Vol. 11, No. 12 June 11 - 24, 1998



     
 


Neighbors' Practice Not Always Perfect

By John Dallas

A co-op shareholder contacted me recently, wondering if there was anything she could do about another shareholder's daily piano practice that's been disturbing her and her family.

Phil Ross, a Manhattan real estate attorney, says that since there's a landlord-tenant relationship, the Warranty of Habitability applies. This state law obligates all owners and managers to maintain a residential premise free of conditions that are dangerous, hazardous or detrimental to life, health or safety. The courts have found excessive noise to be one such condition. But, Ross cautions, "Whether the noise in this case is sufficient to qualify as a breach of the Warranty of Habitability is another issue."

 SOUND ADVICE
By JOHN DALLAS

First, Ross says, the shareholder "should look at the proprietary lease to determine whether there is a provision involving noise. If so, she should tell the co-op [board] that the other shareholder is in violation of the lease by adversely affecting her use of her apartment, breaching the covenant of quiet enjoyment and possibly the Warranty of Habitability. If this is in fact the case, it is incumbent upon the landlord, that is the co-op board and managing agent, to correct the condition."

What if they fail to do so?

"She has the right to withhold her maintenance," Ross says. "If, however, there's a mortgage involved, the financial institution may find she's in default of her lease. This creates another problem. The best thing to do is write the co-op board." (It should be noted that one shareholder can sue another for creating a nuisance and the cooperative and managing agent for failure to enforce the house rules.)

It should come as no surprise that in a city teeming with professional and amateur musicians that the question of whether music practice in an apartment violates the law or the lease has frequently been before the courts. As a rule, where a lease explicitly provides for the playing of a musical instrument during reasonable hours, the courts have sided with musicians who restrict their activities to such time and take steps to reduce the noise (sound-proofing, for example). These measures notwithstanding, the sounds should never rise to the level of a nuisance.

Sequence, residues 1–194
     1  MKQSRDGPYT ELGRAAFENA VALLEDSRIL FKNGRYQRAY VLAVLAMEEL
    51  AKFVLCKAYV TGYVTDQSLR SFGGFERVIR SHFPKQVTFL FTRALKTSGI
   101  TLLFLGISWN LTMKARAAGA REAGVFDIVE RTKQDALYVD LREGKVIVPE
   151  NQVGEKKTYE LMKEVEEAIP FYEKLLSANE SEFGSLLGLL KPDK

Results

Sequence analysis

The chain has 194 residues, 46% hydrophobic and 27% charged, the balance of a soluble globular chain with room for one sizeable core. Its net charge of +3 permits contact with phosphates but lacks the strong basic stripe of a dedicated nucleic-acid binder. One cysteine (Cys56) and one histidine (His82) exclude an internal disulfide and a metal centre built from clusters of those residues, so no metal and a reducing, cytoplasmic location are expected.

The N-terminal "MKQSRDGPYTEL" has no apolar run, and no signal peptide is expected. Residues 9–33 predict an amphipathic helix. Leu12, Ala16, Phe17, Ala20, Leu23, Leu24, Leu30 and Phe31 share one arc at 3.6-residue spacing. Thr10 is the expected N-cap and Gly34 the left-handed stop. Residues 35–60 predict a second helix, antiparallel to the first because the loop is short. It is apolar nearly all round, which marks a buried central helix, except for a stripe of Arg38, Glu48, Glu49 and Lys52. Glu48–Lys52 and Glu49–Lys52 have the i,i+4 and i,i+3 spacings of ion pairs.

So, for example, on the one hand, neither a little girl's piano practice for about 12 hours a day nor a 15-year-old's drumming for one hour daily between 8 a.m. and 11 p.m. justified termination of the tenancy in the courts' view, since the lease contained a provision allowing the playing of musical instruments during reasonable hours. On the other hand, a court limited the hours of a professional musician's practice time, since more than 50 complaints had been lodged against him and his practicing continued after management's suggested cut-off time of 5 p.m. The court concluded that the other tenants were entitled to the "quiet enjoyment of their homes," despite the fact that 70 percent of them were also performing artists.

Can the city Department of Environmental Protection (DEP) do anything in such situations?

"It's a gray area," says Cathy DelliCarpini, the agency's spokeswoman. "It would qualify as a neighbor-to-neighbor complaint and would be best handled by the Police Department." However, a DEP air and noise inspector, speaking on the condition of anonymity, says that he personally has issued, and will continue to issue, notices of violation to tenants whose music practice has neighbors "fed up."

Lt. Richard Gribben, head of the 52nd Precinct's Special Operations Unit, says that, since the beginning of the year, roughly 95 percent of the complaints the precinct has received by way of the quality-of-life hotline are noise-related, but that none involved music-practicing tenants. He says, however, he'd have no qualms about ticketing someone for late-night music practice. The bottom line, Gribben says, is that "people should practice their instruments where they don't bother their neighbors."

Most residents would no doubt agree.

John Dallas is founder of the Bronx Campaign for Peace and Quiet. You can write to Dallas with questions in care of: Norwood News, 75 E. 208th St., Bronx, NY 10467.



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